Aaron Poole: (laughs) Well, avoiding spoilers, it was just really easy to remain curious about what the events are going to be. You just kind of follow your own natural curiosity legitimately. Just having these questions in front of you that you don’t have answers for creates authentic paranoia or threat. So that’s easy! (laughs)
DS: So is it hard to have someone come up to you and say “We want you to be in this movie and we want you to play yourself and has your name, but as someone who gradually gets really into conspiracy theories”? Was there ever any paranoia on your part that would make you think people would see you and just think of you as “the conspiracy theory guy”?
AP: Well, the whole thing is based around the blurring of facts, so the whole thing has aspects of ourselves. The Tarsus Club at the heart of it all has aspects of Bohemian Grove or Freemasons. So as much as possible Chris was always trying to find ways to blend the fact with the allegory, so being and participating in the creative process from the beginning, I always kind of knew what we were in for. We never really were certain how much of the proper “me” we were going to use for Aaron and at the same time when we cast Jim we had to take his temperature and see just how comfortable he was using real aspects of his life. In the end, there is a whole lot of allegory and just a bit of fact, but we leave it up to the viewer to distinguish.
DS: In the film, you guys go and talk to some actual conspiracy theorists that aren’t actors in the film. What was that like and what really stood out to you the most about these people, whether it was something specific or something about their personalities?
CM: There’s so many different types of conspiracy theorists, so it’s really kind of hard to talk about them as a whole and paint them all with one brush. There are some where you just want to say “Man, you are crazy.” Or that they’re so gullible.
AP: Or some that are clearly mentally ill.
CM: Yeah, or that. There are other ones that are really articulate and smart people who really care about their work and their world. These are people asking questions that aren’t being asked anywhere else.
I think the one thing that I thought was really interesting, and it’s just my opinion, is that believing in conspiracy theories is almost akin to having a religion. You have a preset view of the world and everything that you do around you just fits into that. Let’s just say, like, as a Christian, if you have something happen around you like a hurricane or a famine or someone dies, you always think that it’s just God’s plan. Conspiracy theorists are in a lot of ways the same thing. Everything is part of somebody’s plan. They don’t see something like the Boston bombings as a random event. They already believe in all these theories and it becomes a greater part of all that. That was what I found most fascinating to me. No matter how smart they were or whether they might have been more gullible than sharp, once you start believing in that sort of thing it just snowballs. You can’t see anything as random anymore. You have to fit that into your own religion.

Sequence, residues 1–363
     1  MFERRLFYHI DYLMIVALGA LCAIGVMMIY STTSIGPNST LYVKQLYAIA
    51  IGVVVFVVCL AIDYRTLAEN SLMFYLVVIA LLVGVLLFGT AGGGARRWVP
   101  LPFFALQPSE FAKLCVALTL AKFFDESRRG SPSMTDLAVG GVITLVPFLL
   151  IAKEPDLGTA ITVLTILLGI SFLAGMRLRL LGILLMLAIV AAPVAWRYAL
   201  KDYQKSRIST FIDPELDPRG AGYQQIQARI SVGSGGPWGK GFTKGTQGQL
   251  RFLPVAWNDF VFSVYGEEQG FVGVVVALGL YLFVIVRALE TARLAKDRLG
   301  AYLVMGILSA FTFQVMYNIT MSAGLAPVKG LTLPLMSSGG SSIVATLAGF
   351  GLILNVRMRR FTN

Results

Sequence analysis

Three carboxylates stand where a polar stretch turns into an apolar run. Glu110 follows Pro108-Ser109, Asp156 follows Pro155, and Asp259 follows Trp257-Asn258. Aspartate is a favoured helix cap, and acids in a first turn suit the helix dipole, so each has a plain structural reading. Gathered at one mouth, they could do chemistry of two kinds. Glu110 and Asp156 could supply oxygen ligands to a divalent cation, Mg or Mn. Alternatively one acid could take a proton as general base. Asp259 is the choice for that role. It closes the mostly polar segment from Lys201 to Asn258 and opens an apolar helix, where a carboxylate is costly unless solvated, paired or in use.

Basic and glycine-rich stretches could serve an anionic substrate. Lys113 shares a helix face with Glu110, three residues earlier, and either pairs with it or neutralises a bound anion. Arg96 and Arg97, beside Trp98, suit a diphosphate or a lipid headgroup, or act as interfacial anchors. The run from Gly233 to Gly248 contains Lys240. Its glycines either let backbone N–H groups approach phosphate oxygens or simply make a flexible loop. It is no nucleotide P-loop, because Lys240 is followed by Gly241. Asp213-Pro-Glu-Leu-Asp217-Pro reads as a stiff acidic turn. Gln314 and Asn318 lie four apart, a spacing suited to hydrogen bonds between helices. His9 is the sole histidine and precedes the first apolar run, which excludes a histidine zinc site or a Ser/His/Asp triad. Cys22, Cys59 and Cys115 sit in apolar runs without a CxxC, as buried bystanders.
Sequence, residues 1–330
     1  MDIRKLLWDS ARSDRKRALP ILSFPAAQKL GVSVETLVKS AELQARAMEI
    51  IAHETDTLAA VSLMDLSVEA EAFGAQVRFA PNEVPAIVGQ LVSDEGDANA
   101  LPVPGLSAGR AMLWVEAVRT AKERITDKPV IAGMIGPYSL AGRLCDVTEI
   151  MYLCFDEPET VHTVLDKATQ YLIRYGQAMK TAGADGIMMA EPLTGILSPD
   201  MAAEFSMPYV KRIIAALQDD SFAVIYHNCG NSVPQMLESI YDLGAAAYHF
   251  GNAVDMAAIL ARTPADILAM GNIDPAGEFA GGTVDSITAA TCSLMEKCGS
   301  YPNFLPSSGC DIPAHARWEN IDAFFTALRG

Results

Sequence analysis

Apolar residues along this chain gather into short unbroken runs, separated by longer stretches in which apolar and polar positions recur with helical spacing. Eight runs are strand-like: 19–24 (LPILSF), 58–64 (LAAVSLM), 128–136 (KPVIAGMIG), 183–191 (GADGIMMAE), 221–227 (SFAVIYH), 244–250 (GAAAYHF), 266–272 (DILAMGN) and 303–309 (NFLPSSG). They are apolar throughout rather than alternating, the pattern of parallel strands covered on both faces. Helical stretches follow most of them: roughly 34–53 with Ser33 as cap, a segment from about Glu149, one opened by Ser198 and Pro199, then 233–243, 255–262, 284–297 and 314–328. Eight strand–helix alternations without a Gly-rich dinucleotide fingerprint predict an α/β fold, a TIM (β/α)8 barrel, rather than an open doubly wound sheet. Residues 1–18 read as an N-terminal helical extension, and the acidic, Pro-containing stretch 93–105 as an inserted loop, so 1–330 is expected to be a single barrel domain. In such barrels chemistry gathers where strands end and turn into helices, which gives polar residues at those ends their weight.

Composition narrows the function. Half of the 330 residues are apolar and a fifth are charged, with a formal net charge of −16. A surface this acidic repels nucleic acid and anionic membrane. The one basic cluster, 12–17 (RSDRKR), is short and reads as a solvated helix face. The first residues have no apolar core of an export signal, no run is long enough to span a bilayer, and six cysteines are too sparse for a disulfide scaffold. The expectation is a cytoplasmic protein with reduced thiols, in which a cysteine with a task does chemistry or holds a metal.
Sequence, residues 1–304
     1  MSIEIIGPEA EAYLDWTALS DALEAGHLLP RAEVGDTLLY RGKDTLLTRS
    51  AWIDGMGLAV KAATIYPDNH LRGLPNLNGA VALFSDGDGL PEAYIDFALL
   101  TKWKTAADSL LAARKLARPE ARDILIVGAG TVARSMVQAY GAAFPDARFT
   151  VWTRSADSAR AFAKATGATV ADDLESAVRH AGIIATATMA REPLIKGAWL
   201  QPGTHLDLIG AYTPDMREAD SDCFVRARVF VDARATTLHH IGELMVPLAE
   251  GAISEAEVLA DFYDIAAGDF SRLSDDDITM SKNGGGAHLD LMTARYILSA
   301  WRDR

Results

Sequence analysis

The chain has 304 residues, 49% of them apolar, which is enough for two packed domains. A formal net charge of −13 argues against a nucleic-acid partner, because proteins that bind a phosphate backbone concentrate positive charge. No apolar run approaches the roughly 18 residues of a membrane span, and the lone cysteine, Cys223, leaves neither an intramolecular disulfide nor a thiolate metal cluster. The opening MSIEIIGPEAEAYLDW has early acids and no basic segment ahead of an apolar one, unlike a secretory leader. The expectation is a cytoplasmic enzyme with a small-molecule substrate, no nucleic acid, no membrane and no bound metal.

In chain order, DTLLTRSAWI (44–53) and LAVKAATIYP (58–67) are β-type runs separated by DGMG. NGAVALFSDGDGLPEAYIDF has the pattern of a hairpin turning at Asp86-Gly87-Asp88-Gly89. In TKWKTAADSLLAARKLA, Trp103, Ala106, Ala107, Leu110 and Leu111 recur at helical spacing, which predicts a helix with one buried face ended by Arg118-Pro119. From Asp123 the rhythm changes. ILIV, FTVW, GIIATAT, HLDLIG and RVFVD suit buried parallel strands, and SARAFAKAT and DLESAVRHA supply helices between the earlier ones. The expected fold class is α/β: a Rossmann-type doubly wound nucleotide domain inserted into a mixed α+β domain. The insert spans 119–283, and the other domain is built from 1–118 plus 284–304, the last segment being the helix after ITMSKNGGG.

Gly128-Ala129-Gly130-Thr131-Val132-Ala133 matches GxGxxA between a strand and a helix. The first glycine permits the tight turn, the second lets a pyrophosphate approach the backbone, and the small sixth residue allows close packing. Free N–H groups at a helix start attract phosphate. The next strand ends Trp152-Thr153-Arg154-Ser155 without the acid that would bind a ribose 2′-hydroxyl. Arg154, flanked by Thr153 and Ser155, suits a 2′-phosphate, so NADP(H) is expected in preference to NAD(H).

AP: There’s this righteous fervour that fuels this sort of gospel, and technology has totally enabled that. Before you would probably have just one village paranoid as it were, but now he can link to the other paranoids and there’s this massive community and just gossip and feed these righteous flames.
DS: And a part of that is how in this day and age you can pretty much become an academic on any subject that you want to on your own and independent from any form of higher learning if you put your mind to it. You can become a master on any subject you want, and it’s even simpler now that spending days on end in a library, but then there’s the question of the quality of the information you’re getting, as well. And one of the things you have in this film with the Terence character that Aaron and Jim begin following somewhat closely is that he is that same kind of self-taught academic, and it’s easy to see how people can be drawn into that by way of his mastery of inference and pattern recognition.
CM: Oh, absolutely, and there definitely is that idea of a self-made academic, for sure. I also like the idea that all it took for the Aaron character to stumble down this rabbit hole was by clicking on this one link on the internet. It was just random. He clicked on one YouTube link and it led to another and another and another and another, and then suddenly he is, like you say, becoming an expert on a certain topic and an expert in conspiracy theories. When you log on and start randomly searching there’s a lot of dark corners you can find when you look hard enough.
And you also mention pattern recognition, which I also find really fascinating about conspiracy theorists. Patter recognition is a fundamental thing to human survival, really. We were able to largely get away from tigers and other animals and bad weather because we were able to recognize patterns that other animals and beings couldn’t. It’s been bred into our minds that identifying patterns is linked to our safety and that’s what you see working overtime a lot in conspiracy theorists. They’ve identified a potential pattern that emerges, but they tend to not realize that there are about six or seven other patterns that could just as valid, but that one that gets identified makes them feel better. You see that these six events weren’t just chaotic events, but that you could link them through this shared motivation. There’s just something intrinsic to the human mind that they constantly want to find and evolve through those patterns. Maybe they don’t necessarily exist, though.